The restoration and exploitation of the death penalty after the Furman decision offer a classic study of reactionary politics in action.
The first step in understanding the current politics of the death penalty in the US is to identify the jurisdictions that have reinstituted and practiced state-sanctioned killing most often since the end of the moratorium.

The Killing Zone

Map 1 accounts for all of the executions that have been carried out under civil authority in the USA since 1976, state by state:

The most striking feature of map 1 is the regional disparity in the use of the death penalty in the US. Although 35 states have retained capital punishment, only a few jurisdictions in the Deep South and the Midwest have administered it with any regularity. With the exceptions of the southwestern states of California, Nevada, and Arizona, executions in the West and Midsouth have been so rare that the retention of capital punishment in those regions is essentially more of a symbol than a functioning tool of state power. Most of New England and several states in the upper Midwest have shunned the practice of state-sanctioned killing altogether.

Chart 1 supplements map 1 by presenting the time-trends of executions in the US since the end of the moratorium:

Chart 1 clearly illustrates the two salient facts of the use of the death penalty in the US in modern times.

During the 1980s and 1990s when the use of the death penalty was on the decline around the world and the international campaign to abolish the death penalty was gaining momentum, executions in the US were climbing precipitously.
Throughout the period of the resurgence of capital punishment in the US, executions in the southern states have dominated state-sanctioned killing in the nation, accounting for a full 81% of the national total during this period.
A glance back at map 1 reveals that, even within the Killing Zone, there are striking differences in the use of the death penalty.

Death Penalty Central

The State of Texas is obviously in a class by itself and deserves the title of Death Penalty Central. No other state even comes close to the Texas total of 446 executions since 1976. Texas accounts for over 45% of the executions in the South and 37.5 % of all executions in the nation in modern times. Texas remains in the forefront of state-sanctioned killing with 22 executions to date in 2009 and four more prisoners scheduled to die before mid-January, 2010.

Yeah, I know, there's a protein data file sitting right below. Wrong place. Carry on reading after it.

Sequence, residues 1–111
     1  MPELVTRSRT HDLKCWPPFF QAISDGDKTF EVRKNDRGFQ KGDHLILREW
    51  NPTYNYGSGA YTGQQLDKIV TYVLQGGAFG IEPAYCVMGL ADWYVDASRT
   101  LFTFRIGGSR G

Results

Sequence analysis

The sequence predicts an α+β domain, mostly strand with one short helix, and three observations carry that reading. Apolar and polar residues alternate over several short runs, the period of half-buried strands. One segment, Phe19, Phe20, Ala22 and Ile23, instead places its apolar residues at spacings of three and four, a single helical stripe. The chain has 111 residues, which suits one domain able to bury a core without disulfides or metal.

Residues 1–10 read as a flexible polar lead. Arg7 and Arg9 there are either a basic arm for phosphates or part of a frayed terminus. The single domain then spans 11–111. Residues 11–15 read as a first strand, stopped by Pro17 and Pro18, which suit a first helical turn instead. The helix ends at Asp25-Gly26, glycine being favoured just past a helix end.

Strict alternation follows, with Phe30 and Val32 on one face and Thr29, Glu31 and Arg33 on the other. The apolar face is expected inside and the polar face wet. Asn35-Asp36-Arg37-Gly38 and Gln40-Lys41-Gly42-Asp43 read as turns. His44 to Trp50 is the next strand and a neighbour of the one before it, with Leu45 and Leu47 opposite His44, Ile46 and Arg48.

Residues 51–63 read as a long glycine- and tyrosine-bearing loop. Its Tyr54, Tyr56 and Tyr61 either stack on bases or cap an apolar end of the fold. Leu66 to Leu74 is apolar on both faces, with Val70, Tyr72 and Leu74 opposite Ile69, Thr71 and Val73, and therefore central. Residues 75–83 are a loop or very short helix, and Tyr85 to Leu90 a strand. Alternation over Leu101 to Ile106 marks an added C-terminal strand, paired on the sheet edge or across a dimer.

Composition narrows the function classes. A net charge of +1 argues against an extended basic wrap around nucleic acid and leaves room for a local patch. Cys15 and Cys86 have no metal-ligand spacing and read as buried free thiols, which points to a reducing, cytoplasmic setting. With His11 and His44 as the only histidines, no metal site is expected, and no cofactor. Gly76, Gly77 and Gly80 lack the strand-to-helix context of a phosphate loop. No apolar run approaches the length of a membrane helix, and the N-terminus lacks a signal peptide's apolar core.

The total of the executions in Texas combined with those in Virginia and Oklahoma, the two second-tier jurisdictions, accounts for 67% of the executions in the Killing Zone and a 54% of all executions in the nation. A close examination of the administration of the death penalty in these three states unmasks the politics of state-sanctioned killing in the US during the past 25 years.

The Politics of State-Sanctioned Killing in the US

Chart 2 compares the execution trends in the three vanguard states of the Killing Zone:

TEXAS. Chart 2 documents the central role of the State of Texas as the driving force behind executions in the US, accounting for almost one-half of the executions that have taken place in the South since 1976. The rapid rise and spike in Texas executions occurred during the governorship of George W. Bush who signed the death warrants of 151 men and 1 woman during his tenure as governor of the state (1995-2000) before he moved on to the office of President of the United States where he approved the only three federal executions in modern times.

Executions in Texas have dropped slightly but are continuing under the governorship of James Richard (Rick) Perry, Bush's neoconservative successor, who presided over his 209th execution in mid-November 2009. The ongoing controversy over the question of if Governor Perry approved the execution of an innocent man in 2004 could become a turning point in the campaign to abolish capital punishment in the USA. (The execution of innocent persons as a factor contributing to the demise of the death penalty is discussed in the next section.)

The number of executions in Oklahoma and Virginia, though not approaching the level of state-sanctioned killing in Texas, clearly represent a second distinct tier in the Killing Zone. The fact that the abrupt rise in executions in these two states coincided with the surge of executions in Texas reveals a common political agenda.